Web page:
The fanatic within

At a time when the lamps are once again going out, not only in Europe but across the world, I’ve been heartened by Dear Zealots, one of the last essays written by Amos Oz (1939-2018). Because of his work as an Israeli novelist and peace activist, reviews have tended to see this little book through the prism of the Arab-Israeli conflict, but the reach of Oz’s vision is universal. Dear Zealots is about fanaticism of all kinds, whether the origin is religious, racial, ideological or even social. Oz is concerned with the mind that sees redemption in a single cause, reducing the complex reality of individual experience to binary codes of right and wrong. His fanatic is a perverted idealist, dedicated to converting others to their salvationist belief – and eliminating them if they prove to unwilling to change .In their dream, redemption requires a world cleansed of difference. That path leads always to violence, since difference is intrinsic in human beings, and so the fanatic’s dream becomes the other’s nightmare.

“One of the distinct hallmarks of the fanatic is his fervent desire to change you so that you will be like him. To convince you that you must immediately convert, abandon your world and move into his. The fanatic does not want there to be any differences between people. He wants us all to be ‘as one’. He desires a world with no curtains drawn, no blinds shuttered, no doors locked, no shadow of a private life, for we must all be one body and one soul. We must all march together in threes, on the path ascending to redemption.”

Dear Zealots, Amos Oz, 2017

This way of thinking is applied not just to religious or nationalist ideologies, but to every belief that defines and divides people: the relationship between the sexes, attitudes to animals, global warming, sexuality, Brexit – the list is long indeed. Oz argues that force cannot end fanaticism, although he accepts that violence may be a necessary response to aggression.

“One can almost never vanquish an idea, twisted as it may be, simply by using a big stick. There must be a response; there must be an opposing idea, a more attractive belief, a more persuasive promise.”

Dear Zealots, Amos Oz, 2017

Our recent past is, among other things, defined by the inability of progressive politics to find ‘a more persuasive promise’ after the failure of socialism in the countries that adopted it during the 20th century. Neoliberalism has failed too, and been rejected by large majorities who understand it to have made their lives worse in the ways that matter most. But the alternatives now offered them— ‘whether from a thirst for power or a thirst for capital’ in Oz’s words—reduce the world to black and white, and fuel the fanaticism that defines others as the only obstacle to a promised and deserved paradise on earth. And so the public space has become filled with levels of outrage, hate and aggression that I have never before witnessed. What is the answer? For Amos Oz the novelist, it can be found in the imaginative empathy that art—at its best—strives for:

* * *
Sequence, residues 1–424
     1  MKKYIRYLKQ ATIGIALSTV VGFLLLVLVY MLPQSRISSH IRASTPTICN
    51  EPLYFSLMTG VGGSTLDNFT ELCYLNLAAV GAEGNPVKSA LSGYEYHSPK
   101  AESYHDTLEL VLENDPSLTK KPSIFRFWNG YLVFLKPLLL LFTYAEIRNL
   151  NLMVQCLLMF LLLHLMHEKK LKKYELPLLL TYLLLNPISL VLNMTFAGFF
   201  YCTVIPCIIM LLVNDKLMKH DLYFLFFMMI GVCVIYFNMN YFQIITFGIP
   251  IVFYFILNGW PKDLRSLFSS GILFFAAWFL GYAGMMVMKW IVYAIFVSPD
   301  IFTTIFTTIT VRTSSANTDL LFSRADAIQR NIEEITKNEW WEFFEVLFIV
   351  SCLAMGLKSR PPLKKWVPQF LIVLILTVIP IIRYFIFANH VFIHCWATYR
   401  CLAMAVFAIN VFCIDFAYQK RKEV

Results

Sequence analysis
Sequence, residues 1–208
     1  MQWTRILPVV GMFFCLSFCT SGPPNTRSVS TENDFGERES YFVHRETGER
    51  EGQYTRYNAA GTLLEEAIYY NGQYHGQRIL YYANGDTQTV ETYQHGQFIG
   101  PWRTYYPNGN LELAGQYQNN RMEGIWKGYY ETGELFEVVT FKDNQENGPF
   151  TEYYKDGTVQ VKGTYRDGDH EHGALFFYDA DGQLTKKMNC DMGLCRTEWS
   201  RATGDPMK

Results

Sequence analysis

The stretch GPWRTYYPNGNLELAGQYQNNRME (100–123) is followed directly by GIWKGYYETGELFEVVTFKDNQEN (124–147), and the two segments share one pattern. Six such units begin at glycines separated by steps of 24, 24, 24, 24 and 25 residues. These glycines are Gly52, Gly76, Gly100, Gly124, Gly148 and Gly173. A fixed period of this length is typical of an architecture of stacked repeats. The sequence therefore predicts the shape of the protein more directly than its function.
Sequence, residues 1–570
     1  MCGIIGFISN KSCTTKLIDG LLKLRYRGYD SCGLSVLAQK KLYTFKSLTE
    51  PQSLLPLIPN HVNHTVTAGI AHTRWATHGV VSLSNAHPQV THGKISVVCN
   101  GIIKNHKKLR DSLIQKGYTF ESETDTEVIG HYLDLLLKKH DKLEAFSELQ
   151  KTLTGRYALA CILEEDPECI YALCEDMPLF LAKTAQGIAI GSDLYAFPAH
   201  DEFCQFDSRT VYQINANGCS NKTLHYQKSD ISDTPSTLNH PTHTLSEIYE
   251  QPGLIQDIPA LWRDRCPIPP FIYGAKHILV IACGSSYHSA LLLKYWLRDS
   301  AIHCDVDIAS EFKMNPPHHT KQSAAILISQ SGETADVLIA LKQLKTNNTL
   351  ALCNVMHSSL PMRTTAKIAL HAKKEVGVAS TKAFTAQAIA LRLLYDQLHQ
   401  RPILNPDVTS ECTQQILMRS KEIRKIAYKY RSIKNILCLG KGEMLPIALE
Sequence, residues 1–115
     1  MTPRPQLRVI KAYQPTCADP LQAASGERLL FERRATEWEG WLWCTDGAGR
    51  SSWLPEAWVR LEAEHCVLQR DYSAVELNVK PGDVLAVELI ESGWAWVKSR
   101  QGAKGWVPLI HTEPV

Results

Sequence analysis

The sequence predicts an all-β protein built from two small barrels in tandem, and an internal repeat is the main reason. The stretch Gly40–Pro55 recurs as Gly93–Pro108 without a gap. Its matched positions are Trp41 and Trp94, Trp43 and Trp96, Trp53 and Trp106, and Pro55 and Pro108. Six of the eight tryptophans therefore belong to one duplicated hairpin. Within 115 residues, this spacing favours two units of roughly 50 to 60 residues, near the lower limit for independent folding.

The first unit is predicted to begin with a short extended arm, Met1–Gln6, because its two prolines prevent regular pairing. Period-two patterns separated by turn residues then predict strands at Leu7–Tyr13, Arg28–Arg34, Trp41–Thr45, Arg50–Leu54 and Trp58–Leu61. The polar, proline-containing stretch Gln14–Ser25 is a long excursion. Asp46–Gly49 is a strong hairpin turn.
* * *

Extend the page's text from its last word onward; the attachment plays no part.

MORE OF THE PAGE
“We must try to imagine the inner world, both intellectual and emotional, of the other. To use our imagination even in times of strife. To use it also primarily in moments when we feel a surge of fury, insult, loathing, righteousness and the certainty that we have been wronged and that justice is entirely on our side. Perhaps also to ask, once in a while: What if I were her? or him? or them? To step, for a moment, into the Other’s shoes and under his skin, not in order to cross the river will be ‘reborn’, but simply to understand, to sense, what is there. What is beyond the river? What do they have in their head? How did they feel over there? And what do we look like from there? […]. Perhaps, indeed, in curiosity lies the prospect of openness and tolerance.”

Dear Zealots, Amos Oz, 2017

As well as being curious and imaginative, Oz wants us to laugh, especially at ourselves. Fanaticism, he says, cannot survive humour. In what might seem a throwaway remark, he points out the deeper truth: that the possibility of change is only ever in ourselves. The essay’s title is a trap. Dear Zealots would seem to be a letter addressed to other people, those across the river we are encouraged to fear and hate, those who must change. But we can only change ourselves—and accepting that is the best inoculation against fanaticism. Resistance to evil is a duty and a burden, and it starts with ourselves. It’s also where we can do the most good and the least damage.

Contending with fanaticism does not mean destroying all fanatics, but instead cautiously handling the little fanatic who hides, more or less, inside each of our souls. It means ridiculing, just a little, our own convictions as well, being curious, and trying to take a peek, from time to time, not only through our neighbour’s window but also, more importantly, at the reality viewed from that window, which will necessarily be different from the one seen through our own. 

Dear Zealots, Amos Oz, 2017


  1. Thank you for holding up a torch for reason and compassion towards everything, reminding us to always being open to listen to other people’s ideas. Brexit seems to be our just reward for failing so many people in this country. As for action around Climate Change, I am trying to not be fanatical but much more aware of my own behaviour and quietly proactive.

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